Going Good at Donegal’s Gaelforce North Adventure Race

There’s nothing like a race on home turf. So when I saw that the next race in the Adventure Race Series was up in County Donegal, I definitely planned on entering.

The last bike section to Bunbeg, with Mt Errigal conquered already.
The last bike section to Bunbeg, with Mt Errigal conquered already.

Gaelforce North’s course goes through parts of the county I’d not been to in 20 years. It starts with a 15km run through Glenveagh National Park, taking in its castle and beautiful gardened grounds. Then there is a 2km kayak on the waters of Lake Gartan, followed by a bike to Mount Errigal. Despite having lived in the north of Ireland for over half my life, I still hadn’t managed to climb up that local mountain. And with a final bike west to the Atlantic coast and Bunbeg, it is a mouth-watering route that I knew I would relish.

Unfortunately I wasn’t going to be allowed to go sightseeing. The Form Guide released a few days before put me as firm favourite. I emailed Paul Mahon, its author and runner of the Series, to dampen his expectations. However my second place in Dingle apparently showed I was in “good form” and so “hard to beat”. I also had distance on my side. Donegal is the far end of the country, a four hour plus journey for Dublin residents. For me, it was an excuse for a trip home to see the parents and the bonus of a weekend adventure race thrown in.

Saturday morning and my other half dropped me off in the middle of nowhere on a rural road at the south end of Glenveagh. The giant inflatable Start arch was the only sign that a race was happening… that, and the 400 other competitors that were mulling around waiting for the off.

The run along Lough Veagh.
The run along Lough Veagh.

Bright and early, we were gone by 8.30am, sprinting down a 2km trail leading down to the shores of Lough Veagh. Soon enough, I knew I was the leading female.

But despite this knowledge, I ran my own race, keeping a close eye on my heart rate, resisting the temptation to overtake fellow athletes. This was a good plan, as I didn’t know that we had started with a bunch of speedy Sprint athletes. After the Castle, they peeled off to the left, whilst the Full course runners headed on up the hill. Suddenly, the numbers doing the longer 64km course were few and far between.

Down to the transition, I met the leading males exiting with their bikes. I however still had a kayak section to do before hitting the road. I got in a boat with a guy called Tom, and we paddled quickly up to the buoy and back. I noticed the next girl getting into a kayak just as we finished our paddle, so I reckoned I had a 7-10 minute lead on her.

On to the bike and I spun the legs to get them moving again after my brief kayak sit-down. I had been warned that this bike section can have terrible headwinds, it being on an exposed wide road heading west through a mountainous valley. But somehow, the Gods had blessed us, and we had blue skies and only warm gentle breezes for the whole of the day. By now our race route coincided with the Sprinters so bikers were littered all along the road section. And, looming large, was Mount Errigal right in front of us.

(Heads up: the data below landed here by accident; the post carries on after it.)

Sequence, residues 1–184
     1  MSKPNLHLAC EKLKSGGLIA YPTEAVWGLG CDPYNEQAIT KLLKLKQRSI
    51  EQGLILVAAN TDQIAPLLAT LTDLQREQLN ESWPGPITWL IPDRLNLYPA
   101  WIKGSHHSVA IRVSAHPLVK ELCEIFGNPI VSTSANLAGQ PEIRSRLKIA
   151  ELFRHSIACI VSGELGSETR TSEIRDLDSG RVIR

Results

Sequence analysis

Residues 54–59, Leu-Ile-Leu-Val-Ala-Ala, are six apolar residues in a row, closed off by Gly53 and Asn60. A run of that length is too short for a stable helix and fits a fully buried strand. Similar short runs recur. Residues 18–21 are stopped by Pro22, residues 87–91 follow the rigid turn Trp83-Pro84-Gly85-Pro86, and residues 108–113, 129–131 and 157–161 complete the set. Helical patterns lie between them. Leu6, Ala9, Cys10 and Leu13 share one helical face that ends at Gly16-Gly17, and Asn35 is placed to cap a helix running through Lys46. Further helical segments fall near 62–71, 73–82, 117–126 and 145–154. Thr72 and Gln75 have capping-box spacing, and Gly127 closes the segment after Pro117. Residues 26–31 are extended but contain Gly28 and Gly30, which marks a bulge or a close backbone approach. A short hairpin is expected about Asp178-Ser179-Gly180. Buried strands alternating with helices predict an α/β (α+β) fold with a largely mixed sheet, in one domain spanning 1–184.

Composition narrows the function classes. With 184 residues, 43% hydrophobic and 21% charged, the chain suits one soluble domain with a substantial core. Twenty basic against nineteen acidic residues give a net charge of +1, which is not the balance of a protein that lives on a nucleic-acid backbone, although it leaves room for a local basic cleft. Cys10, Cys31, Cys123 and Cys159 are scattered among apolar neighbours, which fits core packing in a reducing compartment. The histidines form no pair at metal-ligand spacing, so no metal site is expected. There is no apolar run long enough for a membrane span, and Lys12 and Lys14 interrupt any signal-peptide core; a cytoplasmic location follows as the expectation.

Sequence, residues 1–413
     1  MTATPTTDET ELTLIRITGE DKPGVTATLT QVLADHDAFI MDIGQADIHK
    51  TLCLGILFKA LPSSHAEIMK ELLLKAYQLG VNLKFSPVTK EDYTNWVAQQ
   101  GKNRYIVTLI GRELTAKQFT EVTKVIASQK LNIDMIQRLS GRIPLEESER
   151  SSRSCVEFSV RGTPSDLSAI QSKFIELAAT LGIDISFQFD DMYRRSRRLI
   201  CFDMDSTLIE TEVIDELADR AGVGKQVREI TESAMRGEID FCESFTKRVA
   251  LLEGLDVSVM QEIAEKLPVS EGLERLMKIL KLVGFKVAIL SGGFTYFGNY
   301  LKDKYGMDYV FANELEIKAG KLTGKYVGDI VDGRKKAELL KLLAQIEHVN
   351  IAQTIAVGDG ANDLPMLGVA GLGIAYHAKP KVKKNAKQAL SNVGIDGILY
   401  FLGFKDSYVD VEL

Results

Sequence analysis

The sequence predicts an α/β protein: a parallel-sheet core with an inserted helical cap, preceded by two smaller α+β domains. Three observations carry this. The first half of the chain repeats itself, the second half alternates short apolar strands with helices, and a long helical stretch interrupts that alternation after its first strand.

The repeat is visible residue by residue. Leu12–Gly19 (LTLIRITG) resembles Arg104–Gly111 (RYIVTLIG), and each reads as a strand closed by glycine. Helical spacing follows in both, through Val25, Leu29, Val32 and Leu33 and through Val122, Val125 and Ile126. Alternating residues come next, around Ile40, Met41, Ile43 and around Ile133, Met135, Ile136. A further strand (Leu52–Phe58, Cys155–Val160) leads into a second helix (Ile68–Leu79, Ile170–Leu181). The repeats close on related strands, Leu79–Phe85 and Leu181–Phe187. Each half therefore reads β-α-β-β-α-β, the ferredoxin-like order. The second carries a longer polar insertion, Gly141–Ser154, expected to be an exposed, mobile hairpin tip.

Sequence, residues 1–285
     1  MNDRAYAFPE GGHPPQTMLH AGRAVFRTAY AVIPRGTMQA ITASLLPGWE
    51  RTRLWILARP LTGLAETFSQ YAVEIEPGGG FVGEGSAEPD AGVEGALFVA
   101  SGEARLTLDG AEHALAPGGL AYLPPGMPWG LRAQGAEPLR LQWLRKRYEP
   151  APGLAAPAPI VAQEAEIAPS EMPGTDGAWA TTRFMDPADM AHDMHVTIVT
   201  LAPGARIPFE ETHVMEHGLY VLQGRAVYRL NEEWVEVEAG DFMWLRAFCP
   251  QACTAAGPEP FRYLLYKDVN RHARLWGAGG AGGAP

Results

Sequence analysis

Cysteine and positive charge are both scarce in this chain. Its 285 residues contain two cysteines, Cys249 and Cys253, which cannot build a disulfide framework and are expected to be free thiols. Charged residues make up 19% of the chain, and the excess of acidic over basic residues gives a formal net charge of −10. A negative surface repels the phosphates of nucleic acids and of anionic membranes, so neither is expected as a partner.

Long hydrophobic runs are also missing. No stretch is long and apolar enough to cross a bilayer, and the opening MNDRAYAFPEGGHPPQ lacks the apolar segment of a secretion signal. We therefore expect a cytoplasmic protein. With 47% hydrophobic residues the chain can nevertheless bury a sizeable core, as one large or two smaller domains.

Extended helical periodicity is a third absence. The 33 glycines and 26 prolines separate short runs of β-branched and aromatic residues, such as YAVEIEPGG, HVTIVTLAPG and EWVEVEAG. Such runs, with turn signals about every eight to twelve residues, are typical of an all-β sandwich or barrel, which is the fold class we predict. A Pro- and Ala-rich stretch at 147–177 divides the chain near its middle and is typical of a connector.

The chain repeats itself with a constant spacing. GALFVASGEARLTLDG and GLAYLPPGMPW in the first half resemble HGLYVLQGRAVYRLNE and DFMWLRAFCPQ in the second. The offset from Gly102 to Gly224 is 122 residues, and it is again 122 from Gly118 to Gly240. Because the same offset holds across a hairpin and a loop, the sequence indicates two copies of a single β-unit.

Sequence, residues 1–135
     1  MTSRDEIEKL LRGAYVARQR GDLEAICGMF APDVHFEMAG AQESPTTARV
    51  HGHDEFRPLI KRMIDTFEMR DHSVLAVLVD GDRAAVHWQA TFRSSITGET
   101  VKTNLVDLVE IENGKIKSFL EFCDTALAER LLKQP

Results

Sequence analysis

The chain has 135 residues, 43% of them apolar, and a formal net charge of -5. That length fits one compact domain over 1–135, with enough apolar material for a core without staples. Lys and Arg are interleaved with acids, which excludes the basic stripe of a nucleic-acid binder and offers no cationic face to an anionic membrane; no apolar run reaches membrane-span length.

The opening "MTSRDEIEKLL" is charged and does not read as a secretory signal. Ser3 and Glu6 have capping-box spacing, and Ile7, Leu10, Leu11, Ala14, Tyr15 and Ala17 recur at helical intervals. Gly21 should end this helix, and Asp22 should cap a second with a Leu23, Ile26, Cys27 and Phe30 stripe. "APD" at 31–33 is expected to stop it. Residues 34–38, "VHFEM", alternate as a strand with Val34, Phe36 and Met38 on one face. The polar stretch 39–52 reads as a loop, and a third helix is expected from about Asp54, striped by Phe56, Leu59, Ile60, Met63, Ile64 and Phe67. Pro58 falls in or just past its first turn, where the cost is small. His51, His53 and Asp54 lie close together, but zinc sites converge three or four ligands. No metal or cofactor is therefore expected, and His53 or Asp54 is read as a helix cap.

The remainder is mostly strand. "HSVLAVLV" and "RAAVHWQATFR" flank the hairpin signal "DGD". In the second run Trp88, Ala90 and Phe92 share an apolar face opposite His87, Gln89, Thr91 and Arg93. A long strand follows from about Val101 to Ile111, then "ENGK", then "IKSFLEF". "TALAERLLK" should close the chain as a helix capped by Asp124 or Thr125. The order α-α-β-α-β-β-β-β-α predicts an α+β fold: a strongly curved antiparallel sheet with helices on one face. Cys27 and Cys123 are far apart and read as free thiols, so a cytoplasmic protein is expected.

Ascending Mount Errigal. Courtesy of geograph.org.uk
Ascending Mount Errigal. Courtesy of geograph.org.uk

Off the bike, I started to climb this 751 meter mountain. “Why do we do this to ourselves?” a girl wondered out loud as I passed her on the grassy slope. I didn’t have the breath or brainpower to answer her. The Sprint course went as far as the shoulder, but the Full course headed on up to the summit via the rocky path. I met the leaders coming down, and began to release that I was in the top 15 overall. I resolved to keep safe for the rest of the race, not to push too hard and blow up, or fall over down the mountain, or puncture on my bike.

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I was up and down the mountain in 45 minutes, then back on the bike for the final leg. I knew this section was off road, but was prepared with my trusty Gaitorskins. I forgot though how bumpy off road can be on a non-suspension road bike, and managed to bump a huge blister onto my right hand. I kept pushing on, politely asking Sprint course athletes to make way as they at times rode two a breast on the dual tracks.

Back on to the road and signs said Bunbeg, 3km ahead. I pushed on, looking forward to finishing and hoping to make it home before 4 hours. Dumping the bike, there was a short 500m beach run over some dunes before doubling back to the Finish line. I crossed in 3 hours 44 minutes, ahead of what I had hoped. But more importantly, I was first lady home, so had 100 points in the bag for the Adventure Race Series to add to my 99 from Dingle.

Next up on the Series, it’s Gaelforce West in August. Last year, 1400 participants took part. It’s going to be a big one.

Results from Gaelforce North can be found here.

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